Before the meeting, lawyers in the Council and the Commission had examined the option of withdrawing landing and overflight rights from Belarus. The result: the actions of the authorities in Minsk were a serious violation of the International Convention on Civil Aviation. Although the responsible authority, ICAO in Montreal, would have to investigate this in detail, it would not be possible to wait for months for the result. In view of the seriousness, immediate and forceful action was necessary, he said. Commission President Ursula von der Leyen and Council President Charles Michel campaigned in the European Council, without contradiction. Michel spoke of an "international scandal" that could not be tolerated, von der Leyen of a "kidnapping." There was also talk of "state terrorism." It was probably also about deterring others. Russian President Vladimir Putin, who may have supported the action in Minsk with agents, could also resort to such kidnappings, diplomats suggested.

The heads of government also discussed the tense relations with Russia. They have been marked by sanctions since the nerve gas attack on Alexei Nawalnyj. Foreign Affairs Commissioner Borrell saw the relationship at "rock bottom" when he traveled to Moscow in early February to sound out Russia's willingness to cooperate. The trip ended with his brusque rejection and the expulsion of diplomats, including a senior representative of the German Embassy in Moscow. Leaders had actually planned to hold a "strategic debate" on their relations with Russia back in March, but that was postponed at the time amid more pressing issues. Monday night's debate - with no advisers and no cell phones - was the first time in a long time that the heads of government dealt with Moscow in depth.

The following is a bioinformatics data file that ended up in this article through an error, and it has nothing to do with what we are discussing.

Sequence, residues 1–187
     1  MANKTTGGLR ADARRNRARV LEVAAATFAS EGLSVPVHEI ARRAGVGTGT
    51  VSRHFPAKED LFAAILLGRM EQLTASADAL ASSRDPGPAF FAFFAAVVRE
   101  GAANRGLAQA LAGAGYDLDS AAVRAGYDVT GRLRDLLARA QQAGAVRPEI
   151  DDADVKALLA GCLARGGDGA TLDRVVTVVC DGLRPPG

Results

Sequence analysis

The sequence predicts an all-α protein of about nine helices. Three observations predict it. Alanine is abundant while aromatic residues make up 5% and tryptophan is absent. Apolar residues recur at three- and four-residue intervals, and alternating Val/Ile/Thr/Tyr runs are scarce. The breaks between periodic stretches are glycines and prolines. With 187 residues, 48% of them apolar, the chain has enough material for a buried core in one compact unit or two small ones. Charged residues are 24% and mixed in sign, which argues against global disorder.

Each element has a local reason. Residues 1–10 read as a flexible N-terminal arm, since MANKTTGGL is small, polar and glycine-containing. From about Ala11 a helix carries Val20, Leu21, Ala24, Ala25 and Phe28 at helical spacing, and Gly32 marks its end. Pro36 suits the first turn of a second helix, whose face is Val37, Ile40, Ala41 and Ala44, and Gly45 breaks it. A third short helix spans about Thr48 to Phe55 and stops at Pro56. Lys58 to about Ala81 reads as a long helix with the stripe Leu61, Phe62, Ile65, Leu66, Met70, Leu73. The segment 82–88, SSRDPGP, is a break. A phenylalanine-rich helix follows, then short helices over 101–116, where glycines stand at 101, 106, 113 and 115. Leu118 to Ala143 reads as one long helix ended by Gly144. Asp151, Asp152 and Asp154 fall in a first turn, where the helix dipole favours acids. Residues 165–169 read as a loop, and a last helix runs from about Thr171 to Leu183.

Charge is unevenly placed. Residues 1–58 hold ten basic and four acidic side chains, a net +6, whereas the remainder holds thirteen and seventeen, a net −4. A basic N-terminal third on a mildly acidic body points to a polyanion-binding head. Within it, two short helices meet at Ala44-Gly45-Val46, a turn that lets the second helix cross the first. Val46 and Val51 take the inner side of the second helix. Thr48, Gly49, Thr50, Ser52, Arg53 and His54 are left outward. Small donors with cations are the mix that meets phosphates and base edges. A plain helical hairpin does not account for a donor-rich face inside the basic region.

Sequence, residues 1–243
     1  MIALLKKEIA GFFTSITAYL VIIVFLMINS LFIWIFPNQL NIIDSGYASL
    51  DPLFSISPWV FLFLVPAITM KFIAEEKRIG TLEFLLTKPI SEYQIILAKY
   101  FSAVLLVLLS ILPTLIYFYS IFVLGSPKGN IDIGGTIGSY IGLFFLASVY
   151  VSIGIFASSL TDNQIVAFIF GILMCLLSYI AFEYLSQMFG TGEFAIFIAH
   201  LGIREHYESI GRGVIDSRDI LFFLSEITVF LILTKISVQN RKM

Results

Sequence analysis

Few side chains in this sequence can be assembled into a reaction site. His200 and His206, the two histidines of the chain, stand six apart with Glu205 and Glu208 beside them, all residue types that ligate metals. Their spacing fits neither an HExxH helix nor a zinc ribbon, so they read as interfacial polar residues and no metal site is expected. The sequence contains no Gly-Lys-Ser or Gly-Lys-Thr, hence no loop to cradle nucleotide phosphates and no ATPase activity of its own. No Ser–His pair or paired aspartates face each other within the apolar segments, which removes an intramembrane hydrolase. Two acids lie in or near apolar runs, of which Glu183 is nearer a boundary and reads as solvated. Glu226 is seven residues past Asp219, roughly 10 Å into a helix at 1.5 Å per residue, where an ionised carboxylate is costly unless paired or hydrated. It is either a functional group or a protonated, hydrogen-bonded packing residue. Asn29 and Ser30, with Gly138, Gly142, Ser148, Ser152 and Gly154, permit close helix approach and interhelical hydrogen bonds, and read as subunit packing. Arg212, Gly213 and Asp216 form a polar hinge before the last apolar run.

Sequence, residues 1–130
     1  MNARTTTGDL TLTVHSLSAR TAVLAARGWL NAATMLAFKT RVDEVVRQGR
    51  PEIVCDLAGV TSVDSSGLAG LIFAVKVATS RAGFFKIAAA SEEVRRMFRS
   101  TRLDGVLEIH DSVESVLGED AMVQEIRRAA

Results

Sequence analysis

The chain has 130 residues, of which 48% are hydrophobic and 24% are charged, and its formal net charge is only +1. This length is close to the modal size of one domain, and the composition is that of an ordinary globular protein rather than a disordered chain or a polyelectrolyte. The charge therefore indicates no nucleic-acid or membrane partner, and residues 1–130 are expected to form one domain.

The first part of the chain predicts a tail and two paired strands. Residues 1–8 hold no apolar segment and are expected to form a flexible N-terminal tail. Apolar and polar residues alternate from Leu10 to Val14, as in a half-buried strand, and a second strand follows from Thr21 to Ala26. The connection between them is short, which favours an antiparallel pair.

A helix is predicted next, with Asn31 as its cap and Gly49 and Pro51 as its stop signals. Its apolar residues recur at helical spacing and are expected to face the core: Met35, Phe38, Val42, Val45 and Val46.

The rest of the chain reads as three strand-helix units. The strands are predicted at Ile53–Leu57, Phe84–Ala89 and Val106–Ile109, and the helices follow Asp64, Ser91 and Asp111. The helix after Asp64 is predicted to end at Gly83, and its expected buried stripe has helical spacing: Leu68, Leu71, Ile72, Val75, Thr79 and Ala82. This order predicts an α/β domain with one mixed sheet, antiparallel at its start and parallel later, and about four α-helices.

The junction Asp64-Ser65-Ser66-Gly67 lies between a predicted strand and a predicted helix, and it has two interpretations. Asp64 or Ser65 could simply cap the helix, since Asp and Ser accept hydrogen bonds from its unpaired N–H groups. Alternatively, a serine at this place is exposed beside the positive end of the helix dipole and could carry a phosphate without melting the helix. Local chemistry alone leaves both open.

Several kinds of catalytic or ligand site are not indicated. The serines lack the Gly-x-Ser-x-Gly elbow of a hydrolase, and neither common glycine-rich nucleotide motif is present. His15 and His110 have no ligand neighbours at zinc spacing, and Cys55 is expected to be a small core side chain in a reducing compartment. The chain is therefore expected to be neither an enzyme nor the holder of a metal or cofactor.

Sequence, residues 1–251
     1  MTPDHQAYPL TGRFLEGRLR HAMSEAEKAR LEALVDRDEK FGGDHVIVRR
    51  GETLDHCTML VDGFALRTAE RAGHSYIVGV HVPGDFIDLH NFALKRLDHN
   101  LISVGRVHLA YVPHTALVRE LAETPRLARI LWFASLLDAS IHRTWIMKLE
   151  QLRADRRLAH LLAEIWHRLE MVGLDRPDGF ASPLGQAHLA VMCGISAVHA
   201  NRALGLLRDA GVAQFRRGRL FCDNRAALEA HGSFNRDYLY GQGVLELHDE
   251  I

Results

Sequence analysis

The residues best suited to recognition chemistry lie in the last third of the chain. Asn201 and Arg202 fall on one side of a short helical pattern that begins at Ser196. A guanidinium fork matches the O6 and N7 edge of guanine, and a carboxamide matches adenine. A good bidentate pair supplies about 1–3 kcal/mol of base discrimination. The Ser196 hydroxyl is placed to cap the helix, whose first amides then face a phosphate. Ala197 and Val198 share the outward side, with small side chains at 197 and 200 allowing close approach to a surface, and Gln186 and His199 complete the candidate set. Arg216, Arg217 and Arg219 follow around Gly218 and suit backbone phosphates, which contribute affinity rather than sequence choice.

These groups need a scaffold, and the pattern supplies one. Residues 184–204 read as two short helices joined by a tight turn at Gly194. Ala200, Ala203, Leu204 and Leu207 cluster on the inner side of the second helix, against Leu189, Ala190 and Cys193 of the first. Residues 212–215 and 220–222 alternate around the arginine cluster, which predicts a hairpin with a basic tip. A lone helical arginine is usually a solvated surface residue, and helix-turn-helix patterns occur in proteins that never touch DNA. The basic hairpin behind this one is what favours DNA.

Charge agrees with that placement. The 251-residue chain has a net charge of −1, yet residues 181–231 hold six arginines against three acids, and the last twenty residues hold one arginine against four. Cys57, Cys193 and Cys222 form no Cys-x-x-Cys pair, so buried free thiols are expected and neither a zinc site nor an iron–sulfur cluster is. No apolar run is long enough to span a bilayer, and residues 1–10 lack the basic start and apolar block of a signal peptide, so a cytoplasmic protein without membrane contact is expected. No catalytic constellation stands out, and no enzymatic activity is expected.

Decisions were not planned. According to the prepared conclusions, Borrell was to be tasked with presenting a report on relations by the next Council meeting in a month. The European Council had taken a similar approach toward Turkey, where Borrell presented options for both further sanctions and closer cooperation. With Russia, there is a commitment: The states remain committed to the five principles they established in spring 2016, at the time in response to Russia's annexation of Crimea and support for separatists in eastern Ukraine.